Fairweather builds Deadhorse Aviation Center
A dormant North Slope project has been reborn as a way to support oil and exploration companies faced with the area’s currently scant facilities. The Deadhorse Aviation Center is designed to be the area’s largest and most modern piece of infrastructure, and is expected to open this summer.
The 70,000-square-foot facility includes a 21,000-square-foot hangar joining two floors of various accommodations plus a mezzanine. The facility — owned by Fairweather, LLC, Offshore Support Services, LLC (an Edison Chouest company) and Kaktovik Inupiat Corp. — is to provide support and safety to both large oil companies and smaller operations that use this area of the North Slope.
The multi-modal facility is located on the north end of runway 5 of Deadhorse’s airport, one of the North Slope’s busiest.
“This will be, if not the, one of the newest pieces of infrastructure available for the industry in Deadhorse,” said Fairweather Manager Sherron Perry.
DAC will house a cargo and passenger terminal, offices, conference rooms, a medical facility and clinic, ambulance and medevac facilities, bedroom accommodations for 48 people, kitchen capacity for 60 people and secure areas for hazardous materials. There is also an adjacent 10.5-acre gravel yard for outside storage. High-speed Internet will be available there as well.
Fairweather’s medical personnel will operate the clinic. This will be Deadhorse’s largest medical facility, as well as the only privately owned one on the North Slope.
Fairweather Director of Business Development Lori Davey said companies that utilize this service will likely use the center’s other services as well.
Another feature that will be new to companies outside big oil will be the incident command center.
“This will provide smaller companies that don’t have a lot of infrastructure up there to be able to come into the secure environment and manage a spill or a leak or some other problematic issue that they need to set up an instant command structure to manage,” Perry said.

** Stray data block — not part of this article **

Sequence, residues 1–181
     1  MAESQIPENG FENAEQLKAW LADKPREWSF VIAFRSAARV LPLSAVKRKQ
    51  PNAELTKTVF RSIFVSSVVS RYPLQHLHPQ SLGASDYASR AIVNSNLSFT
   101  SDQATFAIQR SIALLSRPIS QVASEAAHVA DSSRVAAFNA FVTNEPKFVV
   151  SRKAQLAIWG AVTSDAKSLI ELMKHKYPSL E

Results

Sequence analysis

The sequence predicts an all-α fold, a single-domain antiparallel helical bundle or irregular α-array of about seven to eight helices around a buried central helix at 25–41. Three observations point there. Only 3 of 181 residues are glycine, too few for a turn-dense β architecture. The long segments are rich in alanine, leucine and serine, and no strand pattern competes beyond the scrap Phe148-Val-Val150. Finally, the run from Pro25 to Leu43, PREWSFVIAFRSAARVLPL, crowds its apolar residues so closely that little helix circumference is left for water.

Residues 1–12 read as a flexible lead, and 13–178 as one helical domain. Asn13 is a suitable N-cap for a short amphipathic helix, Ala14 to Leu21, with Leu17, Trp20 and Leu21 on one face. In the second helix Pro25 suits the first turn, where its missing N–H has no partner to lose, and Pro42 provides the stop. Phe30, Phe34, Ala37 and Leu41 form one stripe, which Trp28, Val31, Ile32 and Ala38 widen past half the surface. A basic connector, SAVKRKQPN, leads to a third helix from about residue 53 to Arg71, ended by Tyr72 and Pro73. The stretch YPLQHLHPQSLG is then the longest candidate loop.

The hangar accommodates offshore helicopter capacity and fixed wing activities.
The design also calls for Deadhorse’s first heated jet ways. These won’t be constructed unless a contract is reached with an air carrier, however.
The project manager is Neil McCleary, who helped design the facility with Marvin Ungerecht of Architects Alaska. McCleary works for Fairweather.
The hangar is finished with the exception of the fire suppression system. Building is under way for the rest of the facility. Contracting work is being done through Ukpeaġvik Iñupiat Corp.’s construction services out of Barrow.
Perry said the total costs will be $35 million once the facility is completely finished.
The facility actually went into construction in 2006, when it was to be used to support Shell’s offshore operations. Construction was suspended shortly after Shell was unable to move offshore and had to abandon its leases in the summer of 2007.
“We believe the market is growing now and it’s time for us to lead this project,” Perry said. He said he believes offshore development will proceed this summer and has seen an increase wintertime exploration.
The center is using its original design as a shore base to support offshore drilling and exploration activities.
“A number of companies have seasonal work in the area,” he said. This includes government research projects such as those by the U.S. Forest Service, Bureau of Land Management and National Oceanic and Atmospheric Administration.
DAC will be ready for occupancy in June 2012. The next step is to sign leasers. None are signed yet. Fairweather is talking with several prospects, including all the big oil companies and gasline companies with aviation components. Perry said there are discussions with aviation companies, Alyeska Pipeline Service Co., the U.S. Coast Guard, the Air Force and other government and private agencies.
The state Department of Transportation has identified a number of issues in current Deadhorse aviation facilities, including inadequate lighting, limited expansion possibilities and the need for runway surface rehabilitation. The survey also indicated current insufficient sizes for a flight service station, rescue and fire fighting, and now removal equipment.
The new DAC is intended to address several of these. It also accommodates Transportation Security Administration screening compliance, something that current Deadhorse facilities are too small to do. This design is based on TSA recommendations.
Fairweather has multiple specialty divisions, such as environmental science and medical subsets, which played a big role in the diversifying the new resources. Davey said an example of such advantages is that leasers will be able to get weather and ice reports from the building, something that is important to offshore drilling. She said Fairweather’s logistics support is also important to oil companies that may not know everything involved with drilling in the North Slope.
“It’s been important for gaining the support of all the different entities combined because we’re considered a third-party, non-biased entity doing the science,” Davey said.